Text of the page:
Song: Gettin' Jiggy With It

Book: Rather than tell you my favorite, I'll say two favorites which I think sum up my personality.. Catcher in the Rye by JD Salinger and Hitchhiker's Guide to the Galaxy by Douglas Adams

Wisdom: Be happy and not at the cost of someone else's happiness. Also, standing up for what you really believe in is important, more important is being willing to say you've been wrong, or un/misinformed and being open to change. You can be strong in your beliefs and also willing to change. They aren't mutually exclusive. On that note, do what I do and try to get as informed as possible before forming an opinion. ;)

u/rarelyserious · 2 pointsr/Random_Acts_Of_Amazon

You know what strikes me as a commonality in your list here? Narcissistic protagonists. With very few exceptions these are all novels of profound selfishness. The quintessential narcissist is Holden Caufield, but recommending The Catcher in the Rye feels too easy. Instead I'll give you Lux the Poet, by Martin Millar. It's got Angels, Punk Rock, the Brixton Riots and a good dashing of cocaine.

u/fierywords · 2 pointsr/booksuggestions

The Catcher in the Rye is a pretty good gateway book for more literary fiction.

1984 and Animal Farm will probably appeal to your SF tendencies.

If you want something more contemporary, maybe try The Amazing Adventures of Kavalier and Clay. It has to do with comic books...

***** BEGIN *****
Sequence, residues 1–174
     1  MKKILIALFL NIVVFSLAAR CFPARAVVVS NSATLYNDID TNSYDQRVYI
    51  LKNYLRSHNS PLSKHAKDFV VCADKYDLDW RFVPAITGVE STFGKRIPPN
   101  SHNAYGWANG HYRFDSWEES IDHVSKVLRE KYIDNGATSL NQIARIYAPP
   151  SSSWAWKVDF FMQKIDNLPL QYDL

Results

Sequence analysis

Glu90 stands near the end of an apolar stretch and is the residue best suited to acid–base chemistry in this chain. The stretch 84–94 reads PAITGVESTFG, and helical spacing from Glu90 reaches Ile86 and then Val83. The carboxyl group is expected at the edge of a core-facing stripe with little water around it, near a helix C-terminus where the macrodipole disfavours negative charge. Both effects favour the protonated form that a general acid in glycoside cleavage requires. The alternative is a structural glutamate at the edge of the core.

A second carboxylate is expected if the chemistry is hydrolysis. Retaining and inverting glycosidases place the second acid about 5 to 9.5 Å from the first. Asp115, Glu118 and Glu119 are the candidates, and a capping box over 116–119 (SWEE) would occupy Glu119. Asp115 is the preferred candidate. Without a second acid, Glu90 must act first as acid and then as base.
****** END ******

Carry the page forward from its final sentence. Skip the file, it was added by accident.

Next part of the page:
u/R3MY · 1 pointr/AskReddit

I have four. I believe they are books that everyone should read.

Invisible Man

To Kill a Mockingbird


The Catcher in the Rye

Each one of these have changed the way I see the world. They all have amazing stories for the perspective of characters I normally would not have been able to identify with.

u/PCBreakdown · 1 pointr/Random_Acts_Of_Amazon
  1. Wine glass - Fred & Friends Polluted Glass (Made of glass. Can drink wine out of it. Will be "polluted" if I drink that much wine.)
  2. Broom - Blonde With a Wand: A Babes On Brooms Novel (a broom is a hard thing to find :/)
  3. Hat - Winter Black Oversized Cable Knit Baggy Beanie Slouch Hat Unisex Fashion (It's a hat. Damn, I am so not creative.)
  4. Book - The Catcher in the Rye (because it's a book. Super boring)
  5. Trunk - Igloo Polar Cooler (shaped like a trunk. Could hide a body in it.)

    Bonus. Cape - Superman Soars Blue Pint Glass (Superman is wearing a cape)

    Mischief Managed
u/jp_in_nj · 1 pointr/writing

This has the root of something interesting in it, but it's not there yet. There's a lot to like here - the Isabelle interaction, the self-hate after it, the bit with the sister/parents...

...but I'd like to see the character doing something besides moping. The moping can flavor the piece, but I don't think it should be the piece. Remember that page 1 is where the audience first meets the character and gets their first impressions; if you want them to engage with the main character and/or the story, you might want to consider giving the audience something to root for. No one loves a navel-gazer.

Holden Caulfield is a famous example, and a lot of people don't like him. But look at the personality you get from the opening page:


There's nothing happening here, but a) at the end of page 1, there's a promise made ("I'll tell you about some madman stuff..."), and b) the attitude is so attitudey that it resonates whether you like the kid or not.

tl;dr: By the end of your page 1, what are you doing to engage the audience's attention?

u/StoryDone · 1 pointr/Random_Acts_Of_Amazon


because molten lava cakes are yum

u/24HourBreakfast · 0 pointsr/intrusivethoughts

You should take some time to think this through. Why not read a book to calm yourself down?